In his last speech in the Senate, Mark Dayton offered a pessimistic assessment of national affairs.
"It has pained me deeply to see the Senate's majority lead our country in what I consider the wrong direction," Dayton said.
From tax policy to education spending to the war in Iraq, Dayton chastised President Bush and the GOP-controlled Congress for failing average Americans.
"Thus, I leave the Senate with strong feelings of frustration and disappointment," Dayton said. "I've been unable to pass most of what I believed was most important to Minnesota, to our country and to the world."
When Dayton got into the race for Senate, the U.S. was not battling a war on terrorism or facing record deficits. In 2000, Congress was looking at how to spend a more than $200 billion budget surplus.
Dayton ran for office promoting a long list of issues, but focused on expanding access to health care and reducing the cost of medicine for seniors.
It's one of those deals where he wanted to be there, but I think when he got there it wasn't exactly what he thought it was. In many respects he was kind of a placeholder.
Dayton defeated Republican incumbent Rod Grams. Nine months after he took office, the Sept. 11, 2001 terrorist attacks took place. Washington's focus shifted to the war on terrorism and propping up the economy.
Dayton was one of just 23 senators to vote against the Iraq War resolution. He consistently opposed tax cuts for wealthy Americans like himself.
And despite campaigning so much on the issue of Medicare drug prices, halfway through his first term Dayton voted against the Medicare prescription drug program. Among other objections, Dayton was unhappy the legislation delayed drug coverage for two years. He also said drugs would still be too expensive for seniors.
Three years into his term, Dayton sat for an interview in the Senate dining room. He gave no indication that he would not seek a second term. Instead, he talked about a plan to raise his profile among voters -- along with millions of dollars he would need for re-election.
"If I happen to have my most critical political problem being that I am not visible enough -- I wouldn't choose to have any problem, but it's a good one to have -- and I believe if people knew more about what I was doing that would inure to my benefit," Dayton said. "So I'm quite delighted to be taking that on as something I'm going to try to accomplish."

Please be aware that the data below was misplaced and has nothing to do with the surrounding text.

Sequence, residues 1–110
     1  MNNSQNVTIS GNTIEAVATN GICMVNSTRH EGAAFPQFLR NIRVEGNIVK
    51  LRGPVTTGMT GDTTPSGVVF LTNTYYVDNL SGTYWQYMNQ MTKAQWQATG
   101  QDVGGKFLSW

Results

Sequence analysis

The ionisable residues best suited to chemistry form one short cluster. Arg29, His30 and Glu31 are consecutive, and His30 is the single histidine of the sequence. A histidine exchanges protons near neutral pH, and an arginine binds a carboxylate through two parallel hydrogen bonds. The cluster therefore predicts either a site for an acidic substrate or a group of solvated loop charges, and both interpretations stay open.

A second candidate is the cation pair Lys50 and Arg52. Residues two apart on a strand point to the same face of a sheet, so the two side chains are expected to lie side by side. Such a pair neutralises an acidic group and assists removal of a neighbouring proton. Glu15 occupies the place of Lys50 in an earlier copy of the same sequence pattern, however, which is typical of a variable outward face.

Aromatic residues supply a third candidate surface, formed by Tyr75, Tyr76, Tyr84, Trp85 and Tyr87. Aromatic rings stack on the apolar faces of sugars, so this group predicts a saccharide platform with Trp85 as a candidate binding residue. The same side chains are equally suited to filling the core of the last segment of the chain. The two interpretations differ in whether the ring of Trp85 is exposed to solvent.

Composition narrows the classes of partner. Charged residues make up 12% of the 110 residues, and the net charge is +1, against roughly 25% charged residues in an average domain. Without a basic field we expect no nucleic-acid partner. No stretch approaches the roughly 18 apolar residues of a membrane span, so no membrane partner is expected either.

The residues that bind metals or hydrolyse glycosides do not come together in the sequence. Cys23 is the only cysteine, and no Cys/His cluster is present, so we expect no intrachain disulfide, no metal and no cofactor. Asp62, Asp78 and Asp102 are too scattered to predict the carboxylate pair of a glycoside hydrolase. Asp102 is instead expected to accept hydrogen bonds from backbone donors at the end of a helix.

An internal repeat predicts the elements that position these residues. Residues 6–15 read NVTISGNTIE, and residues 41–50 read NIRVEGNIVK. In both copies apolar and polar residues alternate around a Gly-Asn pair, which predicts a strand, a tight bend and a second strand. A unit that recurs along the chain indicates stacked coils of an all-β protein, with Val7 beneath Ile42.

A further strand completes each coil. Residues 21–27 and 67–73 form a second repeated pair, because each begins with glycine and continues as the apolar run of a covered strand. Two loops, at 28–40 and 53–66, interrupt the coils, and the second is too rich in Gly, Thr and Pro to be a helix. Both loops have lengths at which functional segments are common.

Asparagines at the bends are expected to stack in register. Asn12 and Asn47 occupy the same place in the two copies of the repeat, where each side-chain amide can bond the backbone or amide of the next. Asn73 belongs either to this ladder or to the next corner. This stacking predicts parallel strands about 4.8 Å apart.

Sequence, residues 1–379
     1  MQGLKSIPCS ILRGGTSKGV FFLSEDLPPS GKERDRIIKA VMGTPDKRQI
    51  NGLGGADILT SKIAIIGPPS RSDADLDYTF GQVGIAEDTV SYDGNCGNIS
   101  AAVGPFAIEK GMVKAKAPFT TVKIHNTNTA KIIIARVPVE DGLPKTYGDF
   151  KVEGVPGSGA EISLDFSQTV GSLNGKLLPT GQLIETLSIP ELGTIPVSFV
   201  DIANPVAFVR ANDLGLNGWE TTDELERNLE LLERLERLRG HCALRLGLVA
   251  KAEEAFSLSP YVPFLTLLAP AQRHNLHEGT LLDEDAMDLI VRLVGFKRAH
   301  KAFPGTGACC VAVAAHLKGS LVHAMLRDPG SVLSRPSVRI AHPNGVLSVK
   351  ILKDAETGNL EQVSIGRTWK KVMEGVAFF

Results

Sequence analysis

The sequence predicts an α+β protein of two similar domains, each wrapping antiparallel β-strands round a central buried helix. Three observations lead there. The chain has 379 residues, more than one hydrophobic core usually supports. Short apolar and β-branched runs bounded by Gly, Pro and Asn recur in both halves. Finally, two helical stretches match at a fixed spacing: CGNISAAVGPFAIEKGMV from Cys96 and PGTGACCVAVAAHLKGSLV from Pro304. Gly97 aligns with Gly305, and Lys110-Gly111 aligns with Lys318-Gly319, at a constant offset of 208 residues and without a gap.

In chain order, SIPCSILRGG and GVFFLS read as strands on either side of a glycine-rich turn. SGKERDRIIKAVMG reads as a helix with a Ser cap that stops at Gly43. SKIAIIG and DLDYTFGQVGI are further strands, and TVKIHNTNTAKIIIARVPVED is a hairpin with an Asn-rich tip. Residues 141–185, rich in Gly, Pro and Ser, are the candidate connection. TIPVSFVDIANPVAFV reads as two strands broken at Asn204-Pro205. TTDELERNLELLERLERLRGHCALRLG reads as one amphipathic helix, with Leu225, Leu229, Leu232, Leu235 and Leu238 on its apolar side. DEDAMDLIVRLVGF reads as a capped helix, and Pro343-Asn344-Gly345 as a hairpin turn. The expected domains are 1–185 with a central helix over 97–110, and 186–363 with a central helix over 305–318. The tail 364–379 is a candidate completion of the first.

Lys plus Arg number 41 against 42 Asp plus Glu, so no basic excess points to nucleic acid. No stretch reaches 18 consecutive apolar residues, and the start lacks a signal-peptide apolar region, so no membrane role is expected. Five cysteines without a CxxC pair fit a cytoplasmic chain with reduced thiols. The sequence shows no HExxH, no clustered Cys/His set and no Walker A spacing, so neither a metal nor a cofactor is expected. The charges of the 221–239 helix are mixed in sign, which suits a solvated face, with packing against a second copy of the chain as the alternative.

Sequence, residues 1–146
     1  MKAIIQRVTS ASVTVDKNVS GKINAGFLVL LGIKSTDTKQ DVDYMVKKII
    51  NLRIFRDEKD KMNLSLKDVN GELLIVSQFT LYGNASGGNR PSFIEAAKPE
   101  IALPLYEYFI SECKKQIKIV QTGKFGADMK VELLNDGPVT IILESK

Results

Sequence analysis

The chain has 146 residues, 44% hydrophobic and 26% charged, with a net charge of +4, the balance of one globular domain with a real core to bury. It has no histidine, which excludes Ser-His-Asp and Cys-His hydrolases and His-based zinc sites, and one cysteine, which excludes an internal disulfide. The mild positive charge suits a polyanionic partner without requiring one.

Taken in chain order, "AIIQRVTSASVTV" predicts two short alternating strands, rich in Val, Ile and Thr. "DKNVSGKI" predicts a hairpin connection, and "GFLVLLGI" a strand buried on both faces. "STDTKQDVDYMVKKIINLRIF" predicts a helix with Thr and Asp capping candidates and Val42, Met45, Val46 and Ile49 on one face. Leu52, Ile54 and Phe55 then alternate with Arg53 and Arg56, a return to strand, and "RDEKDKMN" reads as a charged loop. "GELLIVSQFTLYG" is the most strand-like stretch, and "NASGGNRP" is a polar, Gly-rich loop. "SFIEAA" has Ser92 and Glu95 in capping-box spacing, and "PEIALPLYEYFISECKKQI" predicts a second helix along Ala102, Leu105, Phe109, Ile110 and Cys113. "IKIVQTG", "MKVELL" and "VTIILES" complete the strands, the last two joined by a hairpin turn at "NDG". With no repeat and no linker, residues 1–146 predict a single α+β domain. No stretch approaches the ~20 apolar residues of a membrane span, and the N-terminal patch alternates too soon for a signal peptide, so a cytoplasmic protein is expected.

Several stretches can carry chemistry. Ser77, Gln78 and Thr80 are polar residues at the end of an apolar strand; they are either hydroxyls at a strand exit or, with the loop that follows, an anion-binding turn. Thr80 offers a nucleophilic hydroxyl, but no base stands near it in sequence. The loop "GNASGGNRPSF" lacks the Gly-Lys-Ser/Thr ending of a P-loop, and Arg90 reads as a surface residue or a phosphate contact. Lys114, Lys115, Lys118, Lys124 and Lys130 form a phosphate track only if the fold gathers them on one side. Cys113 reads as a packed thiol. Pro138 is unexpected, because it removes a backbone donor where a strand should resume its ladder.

The next year, Dayton attracted international attention when he shut down his Washington office a month before the November 2004 presidential election.
Dayton said he made the decision because of the threat of a terrorist attack.
"I'm just literally scratching my head," said Washington D.C. Mayor Tony Williams in an NBC news report at the time. "I'm trying to figure out, I mean, you know, figure out what frequency the senator's on in terms of what he's thinking."
Dayton was widely ridiculed for the shutdown. Time magazine later labeled him "the Blunderer," and named him one of the nation's five worst senators.
In an interview last week, Dayton stood by his decision to temporarily close his office. He called the way in which he communicated the decision his "greatest regret."
"I didn't explain the decision well to people, and that will be the epitaph of my Senate term which, again, I regret because it will overshadow a lot of the things that I was trying to accomplish," Dayton said.
In the Senate, Dayton spent most of his time voting against the Republican majority. On issues from foreign policy to health care and taxes, he's convinced history will show his votes were cast in the best interest of his constituents.
"I feel that I will be ultimately vindicated in a lot of the positions that I took," Dayton predicted.